This installment of the mini-series on Perfect Practice, I am sharing a real world example of someone I am working with and coaching them on how to be a better shooter. In my ‘day job’ I strongly believe in giving tools and tips on how to improve your practical application. One of my pet peeves is people pay a lot of money for training and all you get is situational generalities. At the end of the day, the rubber needs to meet the road – you need to see an increase in performance.
I am working with someone 1,000 miles away to help them be a better shooter. His raw talent is something many of us, including myself, admire. Now he can shoot fast, but he needs to train how to not miss fast and be more consistent. At the highest level of our sport the top spots are determined by who has less misses or has fewer make up shots. In order to work with this person from a distance we decided to start off with some Steel Challenge Stages so I can coach him because I know what it needs to look like. We had our first coaching session on 5 To Go and the link to the second video with his pistol is located on youtube at https://youtu.be/fBd3Q_fbAHk. Below is my response to his video. Hopefully there are some tips you will find in watching the video and where I have offered some insight.
Got your video, looking good! The first run was very deliberate. I am sure in your mind it felt like you were going slow. Shooting well does feel this way! You saw the plate, put the dot on it and squeezed the trigger. Your transitions to the stop plate were perfect (last session we had only 2 of 5 hit on the first shot). Nice work! A lot of improvement in a short period of time!
The first run of 2.35 is about 85% -90% for you and is a great first run, right where you need to be. The 2.17 is a strong run and your EDGE is probably in the 2.05-2.10 range. You got a hold of the 2.05!! The problem after that was you were trying to shoot under 2 seconds with your last two runs and going over the EDGE!
These make-ups put you in the 2.55 and 2.57 area. If you would have stayed in the 2.17 run after your first one.. you would have shot an 8.68 which is probably in the top 1-2% of people shooting RFPO right now. Instead you ened up with a 9.08 which is probably in the top 5%.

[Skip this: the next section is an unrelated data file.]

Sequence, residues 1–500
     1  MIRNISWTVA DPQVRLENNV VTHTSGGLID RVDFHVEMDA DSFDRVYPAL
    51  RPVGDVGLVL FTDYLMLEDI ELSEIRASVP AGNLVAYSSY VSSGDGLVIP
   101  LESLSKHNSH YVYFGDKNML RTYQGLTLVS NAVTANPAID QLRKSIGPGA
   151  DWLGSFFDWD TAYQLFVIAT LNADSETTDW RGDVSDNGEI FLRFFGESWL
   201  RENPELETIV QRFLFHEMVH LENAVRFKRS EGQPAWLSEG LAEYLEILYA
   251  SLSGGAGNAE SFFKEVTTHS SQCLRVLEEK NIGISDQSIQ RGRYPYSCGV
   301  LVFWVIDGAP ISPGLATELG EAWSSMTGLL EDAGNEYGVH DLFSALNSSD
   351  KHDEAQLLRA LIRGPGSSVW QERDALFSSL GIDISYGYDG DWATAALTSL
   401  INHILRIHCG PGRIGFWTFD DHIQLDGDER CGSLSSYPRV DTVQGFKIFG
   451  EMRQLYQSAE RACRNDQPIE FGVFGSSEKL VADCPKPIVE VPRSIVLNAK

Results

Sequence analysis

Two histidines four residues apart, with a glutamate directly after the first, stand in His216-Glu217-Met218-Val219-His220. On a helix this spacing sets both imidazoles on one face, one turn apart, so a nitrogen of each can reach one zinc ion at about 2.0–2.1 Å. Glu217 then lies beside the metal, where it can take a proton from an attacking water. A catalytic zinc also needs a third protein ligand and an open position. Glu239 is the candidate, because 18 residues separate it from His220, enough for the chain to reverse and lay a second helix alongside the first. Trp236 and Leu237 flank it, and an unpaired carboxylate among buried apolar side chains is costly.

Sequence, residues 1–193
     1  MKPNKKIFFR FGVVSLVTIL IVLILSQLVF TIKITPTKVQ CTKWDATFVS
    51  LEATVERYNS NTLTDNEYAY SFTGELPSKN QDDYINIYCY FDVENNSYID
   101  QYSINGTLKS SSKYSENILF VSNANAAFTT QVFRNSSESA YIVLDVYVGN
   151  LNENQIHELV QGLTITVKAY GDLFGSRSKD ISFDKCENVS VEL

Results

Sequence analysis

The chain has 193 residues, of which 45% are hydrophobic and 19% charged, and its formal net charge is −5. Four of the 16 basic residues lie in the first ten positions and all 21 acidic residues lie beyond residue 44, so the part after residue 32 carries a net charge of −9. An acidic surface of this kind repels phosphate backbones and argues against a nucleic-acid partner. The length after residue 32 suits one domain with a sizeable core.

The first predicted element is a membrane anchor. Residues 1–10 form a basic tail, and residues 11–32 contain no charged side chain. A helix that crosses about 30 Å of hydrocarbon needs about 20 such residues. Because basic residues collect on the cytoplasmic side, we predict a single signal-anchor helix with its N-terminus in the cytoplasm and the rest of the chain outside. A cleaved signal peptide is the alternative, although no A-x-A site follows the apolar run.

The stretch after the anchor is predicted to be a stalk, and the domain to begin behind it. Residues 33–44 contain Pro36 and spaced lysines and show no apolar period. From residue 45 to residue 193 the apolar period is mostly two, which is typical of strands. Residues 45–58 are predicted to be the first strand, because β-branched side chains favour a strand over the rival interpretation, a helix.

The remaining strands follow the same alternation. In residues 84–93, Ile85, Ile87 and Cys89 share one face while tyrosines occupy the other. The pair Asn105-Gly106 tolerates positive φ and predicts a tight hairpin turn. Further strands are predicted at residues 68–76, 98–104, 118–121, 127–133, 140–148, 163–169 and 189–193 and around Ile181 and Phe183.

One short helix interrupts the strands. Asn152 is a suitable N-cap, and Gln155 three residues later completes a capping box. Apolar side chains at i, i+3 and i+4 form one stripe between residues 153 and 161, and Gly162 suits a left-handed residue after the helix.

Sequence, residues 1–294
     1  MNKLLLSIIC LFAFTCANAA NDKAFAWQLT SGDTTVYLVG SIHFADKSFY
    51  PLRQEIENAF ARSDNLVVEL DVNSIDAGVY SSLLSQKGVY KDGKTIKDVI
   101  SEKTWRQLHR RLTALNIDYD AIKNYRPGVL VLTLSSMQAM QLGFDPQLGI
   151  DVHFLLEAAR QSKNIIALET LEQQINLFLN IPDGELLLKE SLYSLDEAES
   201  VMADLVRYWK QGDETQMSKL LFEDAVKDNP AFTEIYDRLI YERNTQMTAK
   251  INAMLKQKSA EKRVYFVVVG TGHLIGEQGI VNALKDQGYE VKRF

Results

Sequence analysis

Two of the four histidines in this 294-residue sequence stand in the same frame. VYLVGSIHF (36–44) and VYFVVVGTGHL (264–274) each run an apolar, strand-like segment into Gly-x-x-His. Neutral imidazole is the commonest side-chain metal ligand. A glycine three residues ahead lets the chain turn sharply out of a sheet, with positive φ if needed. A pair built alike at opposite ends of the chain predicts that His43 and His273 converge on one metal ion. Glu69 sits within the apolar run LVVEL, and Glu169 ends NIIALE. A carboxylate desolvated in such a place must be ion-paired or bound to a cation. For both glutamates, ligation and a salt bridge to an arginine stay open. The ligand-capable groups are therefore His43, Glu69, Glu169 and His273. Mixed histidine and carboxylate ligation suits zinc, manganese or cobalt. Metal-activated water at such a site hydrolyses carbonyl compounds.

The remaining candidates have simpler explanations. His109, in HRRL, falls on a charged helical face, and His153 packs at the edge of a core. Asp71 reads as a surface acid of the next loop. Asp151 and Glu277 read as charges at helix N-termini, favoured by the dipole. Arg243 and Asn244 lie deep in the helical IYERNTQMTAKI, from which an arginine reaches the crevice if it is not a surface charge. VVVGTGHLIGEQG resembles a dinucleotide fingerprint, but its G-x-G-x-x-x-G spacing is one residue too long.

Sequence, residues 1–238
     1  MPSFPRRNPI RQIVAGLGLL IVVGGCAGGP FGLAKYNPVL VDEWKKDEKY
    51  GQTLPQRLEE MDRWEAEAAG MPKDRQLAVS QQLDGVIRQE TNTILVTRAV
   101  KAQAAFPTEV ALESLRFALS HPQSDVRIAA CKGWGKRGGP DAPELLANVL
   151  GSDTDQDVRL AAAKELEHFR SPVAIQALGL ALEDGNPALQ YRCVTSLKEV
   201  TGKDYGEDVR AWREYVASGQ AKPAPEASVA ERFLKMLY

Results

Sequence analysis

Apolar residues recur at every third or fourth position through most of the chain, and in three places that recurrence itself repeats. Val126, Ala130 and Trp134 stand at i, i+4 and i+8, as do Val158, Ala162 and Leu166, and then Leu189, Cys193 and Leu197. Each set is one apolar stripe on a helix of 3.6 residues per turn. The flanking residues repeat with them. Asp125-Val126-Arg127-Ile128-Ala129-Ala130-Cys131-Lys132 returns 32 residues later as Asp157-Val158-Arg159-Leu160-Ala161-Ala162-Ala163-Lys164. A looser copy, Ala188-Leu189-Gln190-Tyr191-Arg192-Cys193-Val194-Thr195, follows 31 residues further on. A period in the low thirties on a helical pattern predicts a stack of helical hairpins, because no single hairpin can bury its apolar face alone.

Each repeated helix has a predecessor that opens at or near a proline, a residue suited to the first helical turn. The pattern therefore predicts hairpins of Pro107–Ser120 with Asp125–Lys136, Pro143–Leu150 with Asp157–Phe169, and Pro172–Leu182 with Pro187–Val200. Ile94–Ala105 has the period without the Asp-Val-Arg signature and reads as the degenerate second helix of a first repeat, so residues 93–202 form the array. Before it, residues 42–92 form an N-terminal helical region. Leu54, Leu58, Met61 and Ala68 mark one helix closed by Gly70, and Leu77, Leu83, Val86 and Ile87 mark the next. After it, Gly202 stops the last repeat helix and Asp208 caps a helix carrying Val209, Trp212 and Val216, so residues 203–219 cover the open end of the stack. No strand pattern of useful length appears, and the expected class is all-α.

This may not seem like a big deal, but you cannot carry a lot of pickup shots or guys like me and Ron or Trenton will beat you all day long. If you did this over the course of 8 stages, this is 3.2 seconds and this is more than what I bested one of the top shooters by with my RFRO last weekend. It is that close of a game. In Fact at the 2017 US Steel Shoot the top three PCCO finishers were less than a second a part.
You had a solid first shot on all first targets and your second targets. This stage got you where it gets everyone.. the tendency is to speed up on plate 3 and 4. If you stand in the shooters box,,, compare the size of plate 1 to plate 4… Plate 4 looks half the size doesn’t it? So why do you think you can shoot that one as fast as the first plate?
Keep this in mind and you will be in the 2.10 range all day. Get you a solid first string and dial it in to the 2.1-2.17 range and stay there for four consistent runs. Soon, you will not even have to look at the timer because you will know how fast you are shooting.
For the next outing do it again and see if you can stay between 2.15 and 2.25 after a first run in the 2.35 range. Going faster than this will only slow down your overall times. Do this consistently and then try pushing it at the end of your training session! You have to shoot fast to shoot fast!
He stated, so I just have to be more consistent and I said; It is more than consistency. It is the mental part of this game. You can shoot fast, but you have to learn how to shoot consistently. It will build when you go from stage to stage. This will help you in Rimfire Challenge as well. You will learn how fast a stage can be shot and then be consistent.
The use of video can be a very powerful tool for training. It can be both beneficial for self-examination as well as for other shooters to help one another 1,000 miles away.
See you out on the range soon!